Two years ago, parents angrily protested a plan to close Cityview, the district school that occupied the building, and replace it with the charter school Minnesota School of Science. Last summer poor planning and coordination by both the district and the new charter school forced an abrupt end to an MPS autism program in the building and left the parents of 40 students only two months to choose a new school for their transition-sensitive children.
This year the reasons are different, but the results are the same: parents frustrated, kids destabilized, learning disrupted, all in a North Minneapolis community that has become far too familiar with educational instability and initiatives abandoned.
Minneapolis Public Schools' reasons for the eviction are twofold: they contend that MSS broke their lease with the district by failing to pay rent after state aid fell through, and they say concerns about the way the school is run prevent MPS from doing what it would take to free up the lease aid for the charter school.
Alleged cheating on state tests, poor delivery of special education, and failure to properly account for finances are among the complaints that the district has documented against the charter in the two years since it opened. Leaders from Minnesota School of Science say all valid complaints have been addressed. MSS board members contend that the lease does not require the school to pay the portion of rent that would have been covered by lease aid.
For parents like Debbie Howell, the bureaucratic entanglements behind the eviction are immaterial. For the first time in a long time, Howell trusts her child's school. She sees her third-grader challenged by teachers who show her they care. She says that's a big improvement over what she saw when her son attended the old Cityview. She says she's ready to picket, if that's what it takes to keep MSS open.
Parents interviewed described a school where their kids feel safe, where a sense of camaraderie among parents pervades, a school that sends children home with challenging homework. Students from the school have placed in regional science and math competitions.
"I feel like it's been so long since we had something good in this community," says Charles Reese, who has three children who attend MSS. "Whenever we have something good, it's taken away."
"Our main concern is to stay in that community," MSS board member Gene Scapanski says. "They have been failed by Minneapolis Public Schools in North Minneapolis."
The district is moving forward with plans to place a new district K-5 program in the building. Minneapolis Office of New Schools director Sara Paul said, "We care very much about the students and the families, and we are committed to providing a quality program."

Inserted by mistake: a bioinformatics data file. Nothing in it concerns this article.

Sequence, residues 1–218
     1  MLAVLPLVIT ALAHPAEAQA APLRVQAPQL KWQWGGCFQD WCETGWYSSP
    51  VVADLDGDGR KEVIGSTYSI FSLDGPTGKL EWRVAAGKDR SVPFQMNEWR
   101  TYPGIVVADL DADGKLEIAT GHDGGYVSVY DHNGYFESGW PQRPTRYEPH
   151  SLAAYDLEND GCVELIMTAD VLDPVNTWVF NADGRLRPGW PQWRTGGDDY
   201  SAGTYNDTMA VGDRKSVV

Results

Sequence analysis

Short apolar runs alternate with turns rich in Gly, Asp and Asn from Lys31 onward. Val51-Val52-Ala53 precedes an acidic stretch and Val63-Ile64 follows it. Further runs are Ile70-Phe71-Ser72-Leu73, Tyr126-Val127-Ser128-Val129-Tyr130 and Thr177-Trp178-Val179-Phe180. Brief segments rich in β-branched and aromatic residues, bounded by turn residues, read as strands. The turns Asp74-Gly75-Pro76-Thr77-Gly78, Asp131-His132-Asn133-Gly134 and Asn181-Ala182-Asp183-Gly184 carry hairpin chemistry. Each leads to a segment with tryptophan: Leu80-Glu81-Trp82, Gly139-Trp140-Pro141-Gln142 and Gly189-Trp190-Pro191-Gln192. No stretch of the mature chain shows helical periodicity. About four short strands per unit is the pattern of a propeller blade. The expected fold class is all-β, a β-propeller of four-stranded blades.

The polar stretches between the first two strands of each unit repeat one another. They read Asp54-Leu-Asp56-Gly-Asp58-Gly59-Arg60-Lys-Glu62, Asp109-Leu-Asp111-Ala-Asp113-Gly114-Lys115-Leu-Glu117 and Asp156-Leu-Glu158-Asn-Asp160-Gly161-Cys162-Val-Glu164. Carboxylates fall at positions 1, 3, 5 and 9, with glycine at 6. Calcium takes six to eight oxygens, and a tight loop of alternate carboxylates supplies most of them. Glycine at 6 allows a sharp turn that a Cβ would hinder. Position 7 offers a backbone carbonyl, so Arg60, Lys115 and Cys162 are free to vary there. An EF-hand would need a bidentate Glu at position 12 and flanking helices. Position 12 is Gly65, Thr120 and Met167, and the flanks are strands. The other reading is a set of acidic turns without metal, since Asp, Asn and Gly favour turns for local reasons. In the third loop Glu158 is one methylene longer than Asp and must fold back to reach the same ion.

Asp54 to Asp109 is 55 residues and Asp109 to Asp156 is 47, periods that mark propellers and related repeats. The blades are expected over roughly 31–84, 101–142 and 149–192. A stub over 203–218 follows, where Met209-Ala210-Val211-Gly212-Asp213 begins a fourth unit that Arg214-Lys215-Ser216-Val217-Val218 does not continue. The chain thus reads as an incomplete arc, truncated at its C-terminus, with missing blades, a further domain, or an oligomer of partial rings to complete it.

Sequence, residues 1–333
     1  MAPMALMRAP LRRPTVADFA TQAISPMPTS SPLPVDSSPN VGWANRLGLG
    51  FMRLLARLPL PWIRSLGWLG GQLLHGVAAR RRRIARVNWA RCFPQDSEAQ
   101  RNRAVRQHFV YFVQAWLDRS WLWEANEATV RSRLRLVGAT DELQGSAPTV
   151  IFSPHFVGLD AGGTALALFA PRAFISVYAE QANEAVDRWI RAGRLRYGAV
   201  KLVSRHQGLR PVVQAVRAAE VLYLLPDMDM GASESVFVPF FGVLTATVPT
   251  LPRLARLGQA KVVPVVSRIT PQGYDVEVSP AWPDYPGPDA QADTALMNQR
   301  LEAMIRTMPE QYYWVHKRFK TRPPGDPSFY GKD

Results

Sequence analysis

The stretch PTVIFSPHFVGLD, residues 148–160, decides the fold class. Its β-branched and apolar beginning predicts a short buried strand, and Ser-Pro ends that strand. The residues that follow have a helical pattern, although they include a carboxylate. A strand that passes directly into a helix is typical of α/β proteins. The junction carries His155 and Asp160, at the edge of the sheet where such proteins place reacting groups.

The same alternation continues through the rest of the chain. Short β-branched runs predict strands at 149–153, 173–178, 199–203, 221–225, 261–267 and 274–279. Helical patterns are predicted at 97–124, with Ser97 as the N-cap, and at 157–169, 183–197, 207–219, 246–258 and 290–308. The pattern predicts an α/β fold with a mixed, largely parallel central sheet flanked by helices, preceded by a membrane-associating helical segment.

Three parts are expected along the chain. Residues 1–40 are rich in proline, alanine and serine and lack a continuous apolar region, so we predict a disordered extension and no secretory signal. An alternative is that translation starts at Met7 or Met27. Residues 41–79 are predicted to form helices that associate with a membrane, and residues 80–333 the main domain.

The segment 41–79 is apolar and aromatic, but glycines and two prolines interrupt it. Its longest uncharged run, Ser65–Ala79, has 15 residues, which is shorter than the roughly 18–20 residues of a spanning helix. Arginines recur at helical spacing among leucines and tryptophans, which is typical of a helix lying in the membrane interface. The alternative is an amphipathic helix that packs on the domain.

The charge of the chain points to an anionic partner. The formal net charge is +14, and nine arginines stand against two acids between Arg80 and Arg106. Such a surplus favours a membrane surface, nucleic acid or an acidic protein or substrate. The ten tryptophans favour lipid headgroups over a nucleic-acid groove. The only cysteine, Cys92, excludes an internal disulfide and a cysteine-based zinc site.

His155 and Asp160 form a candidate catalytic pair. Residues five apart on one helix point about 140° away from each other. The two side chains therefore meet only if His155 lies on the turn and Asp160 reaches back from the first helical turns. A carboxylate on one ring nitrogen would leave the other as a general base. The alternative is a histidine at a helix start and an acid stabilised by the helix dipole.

State aid falls through, rent goes unpaid
It's true that Minnesota School of Science did not pay approximately half a million dollars in rent. Lease aid is funding from the state that most charter schools depend on to pay for their space. When MSS signed its lease with Minnesota Public Schools, both the school and the district assumed the charter would pay for 90 percent of rent with that aid.
Minneapolis Public Schools is not only MSS's landlord, but it's also the school's authorizer, in charge of making sure MSS provides the services agreed upon in their charter contract. This year the Minnesota Department of Education decided that authorizers could not receive lease aid from the charters they oversee. Advocates for the rule say that when authorizers act as landlords, they have a financial stake in keeping their renter school open, which could prevent them from acting if that charter had problems.
That means Minnesota School of Science did not get the funding they needed to pay rent. MSS did get lease aid last year, but that was a mistake, said the department of education.
MSS interprets its lease with MPS to say that they do not have to pay the portion of rent that would have been covered by the state. But Minneapolis Public Schools argues that the charter does have to pay, based on an amendment to the lease made last October. The legal interpretation of the lease remains an open question.
Minneapolis College Prep, another district-sponsored charter that rents from MPS, will not have to pay for its missing state aid, since the school's lease was not similarly amended.
At the time MSS's new lease was signed, the district was gearing up for a legislative fight over the education department's conflict of interest rule. Last spring, Representative Jim Davnie introduced legislation that would have exempted school districts from the rule, allowing them to rent to the charters they authorize. That measure failed.